What is a Vasectomy?

A vasectomy is a surgical procedure to prevent sperm from entering the vas deferens, the tube that extends from the testicles to the penis. By cutting the vas, the sperm cannot reach the penis, and this prevents pregnancy. After the procedure, the man can still ejaculate, but there will be no sperm present, making this a permanent and highly effective birth control method.

Who is a Candidate for Vasectomy?

Dr. Lazare performs vasectomies on men who want to become permanently sterile. You should only consider undergoing a vasectomy if you are sure that you do not ever want to have children, or you have completed your family.

How to Prepare for Vasectomy

To prepare for your vasectomy procedure, avoid the use of anti-inflammatory drugs or other blood-thinners for several weeks before your procedure to avoid excessive bleeding. Have a pair of tight-fitting underwear to support the scrotum and minimize swelling after your procedure. You should also arrange for someone to drive you home from your procedure and care for you for the first day if you choose. Recovery after vasectomy is minimal, so you may only need to arrange for a day or two off work. Some patients choose to have their sperm frozen in a sperm bank prior to their procedure in case they decide to have more children in the future.

The Vasectomy Procedure

The vasectomy is an outpatient procedure and is most often performed under sedation. There are two main types of vasectomies that Dr. Lazare will recommend including:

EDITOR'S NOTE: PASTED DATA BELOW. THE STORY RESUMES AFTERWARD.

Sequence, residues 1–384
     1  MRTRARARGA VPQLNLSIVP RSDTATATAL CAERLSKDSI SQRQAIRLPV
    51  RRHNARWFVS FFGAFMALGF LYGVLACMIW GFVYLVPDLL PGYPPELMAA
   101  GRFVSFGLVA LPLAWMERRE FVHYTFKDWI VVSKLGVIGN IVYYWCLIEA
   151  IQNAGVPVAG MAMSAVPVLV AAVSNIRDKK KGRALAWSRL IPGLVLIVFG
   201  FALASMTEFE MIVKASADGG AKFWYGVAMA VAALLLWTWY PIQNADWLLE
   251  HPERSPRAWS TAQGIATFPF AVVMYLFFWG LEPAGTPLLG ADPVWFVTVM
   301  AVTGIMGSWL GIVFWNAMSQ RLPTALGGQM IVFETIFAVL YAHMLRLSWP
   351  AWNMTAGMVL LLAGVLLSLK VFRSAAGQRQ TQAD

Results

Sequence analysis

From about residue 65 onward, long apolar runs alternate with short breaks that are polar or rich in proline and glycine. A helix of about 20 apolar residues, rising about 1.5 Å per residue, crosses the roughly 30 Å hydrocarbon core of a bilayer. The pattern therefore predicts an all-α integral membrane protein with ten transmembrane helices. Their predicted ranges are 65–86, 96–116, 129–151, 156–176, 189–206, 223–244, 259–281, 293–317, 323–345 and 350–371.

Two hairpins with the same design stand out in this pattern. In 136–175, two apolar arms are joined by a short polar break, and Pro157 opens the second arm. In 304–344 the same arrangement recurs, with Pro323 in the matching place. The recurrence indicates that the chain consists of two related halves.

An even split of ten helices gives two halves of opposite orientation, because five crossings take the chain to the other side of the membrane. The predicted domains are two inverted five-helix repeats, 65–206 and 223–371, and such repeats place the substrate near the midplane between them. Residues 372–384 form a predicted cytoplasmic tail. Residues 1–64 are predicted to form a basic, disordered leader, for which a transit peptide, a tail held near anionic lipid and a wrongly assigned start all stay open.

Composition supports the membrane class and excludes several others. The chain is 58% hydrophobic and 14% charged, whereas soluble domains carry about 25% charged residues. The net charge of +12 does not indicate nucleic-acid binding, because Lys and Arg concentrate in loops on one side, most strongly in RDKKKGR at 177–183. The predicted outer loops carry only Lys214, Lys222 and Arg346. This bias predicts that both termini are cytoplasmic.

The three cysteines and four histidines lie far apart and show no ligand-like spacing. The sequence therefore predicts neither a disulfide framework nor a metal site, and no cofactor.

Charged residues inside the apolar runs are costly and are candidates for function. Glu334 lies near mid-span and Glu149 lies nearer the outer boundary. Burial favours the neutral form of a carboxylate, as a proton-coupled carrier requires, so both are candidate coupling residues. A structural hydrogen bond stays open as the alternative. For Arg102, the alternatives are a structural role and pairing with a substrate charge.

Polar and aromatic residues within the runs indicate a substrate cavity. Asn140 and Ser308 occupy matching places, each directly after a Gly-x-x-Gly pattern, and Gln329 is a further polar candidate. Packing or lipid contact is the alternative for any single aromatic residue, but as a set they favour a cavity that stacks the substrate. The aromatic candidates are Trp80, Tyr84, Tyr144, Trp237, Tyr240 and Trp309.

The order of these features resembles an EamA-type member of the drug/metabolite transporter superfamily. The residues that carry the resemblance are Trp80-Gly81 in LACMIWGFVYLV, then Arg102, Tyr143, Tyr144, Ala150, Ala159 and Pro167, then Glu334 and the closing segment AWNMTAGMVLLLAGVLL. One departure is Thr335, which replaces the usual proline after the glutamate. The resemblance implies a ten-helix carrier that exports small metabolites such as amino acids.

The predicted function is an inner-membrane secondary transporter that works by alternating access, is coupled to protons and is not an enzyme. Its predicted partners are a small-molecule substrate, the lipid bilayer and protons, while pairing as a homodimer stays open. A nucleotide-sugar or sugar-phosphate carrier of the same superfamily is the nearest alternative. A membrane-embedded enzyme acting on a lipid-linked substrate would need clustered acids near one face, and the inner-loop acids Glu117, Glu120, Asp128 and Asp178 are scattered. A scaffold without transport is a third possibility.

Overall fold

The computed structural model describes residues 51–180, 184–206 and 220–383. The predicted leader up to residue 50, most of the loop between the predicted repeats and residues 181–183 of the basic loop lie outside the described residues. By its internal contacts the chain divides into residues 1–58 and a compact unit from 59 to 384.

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Conventional Vasectomy

During a conventional vasectomy, a scalpel is used to make two very small incisions on both sides of the scrotum. Through these incisions, a section of the vas deferens is removed, preventing the sperm from traveling to the penis. The tubes will then be sealed, tied, or cauterized and the incisions are closed. The procedure can be complete in about 20 minutes.

No-Scalpel Vasectomy

During a no-scalpel vasectomy, a small clamp is used to hold the vas deferens in place. A small hole is then made in the skin on the scrotum, allowing access for the vas deferens to be sealed. No stitches are used during this technique and it is typically quicker than a conventional vasectomy procedure.

Vasectomy recovery

Recovery after a vasectomy is usually rapid.  Nevertheless, some swelling, mild discomfort, and bruising can be expected for a few days after the procedure. An ice pack can help with these side effects. The procedure is very safe and complications are uncommon. The main risk is bleeding into the scrotum. Work and most normal activities can be resumed in one or two days, but patients should still take it easy and avoid heavy lifting for at least a week. Sexual activity can also be resumed at that time.

Life After a Vasectomy

After a vasectomy, patients can have peace of mind knowing they are fully protected from unwanted pregnancy. It is important to remember that you may still have a positive sperm count for about three months after the procedure. Additional birth control should be used during this time. A sperm count test is recommended between 8 and 16 weeks after the procedure to ensure that it is safe for unprotected sex. There are no known long-term effects of the vasectomy procedure, with no impact on libido or sex drive.

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Contact Us

If you are interested in a vasectomy for permanent birth control, contact our Brooklyn, NY office today! Your first step will be to schedule a consultation appointment with Dr. Lazare, our board-certified urologist and expert surgeon.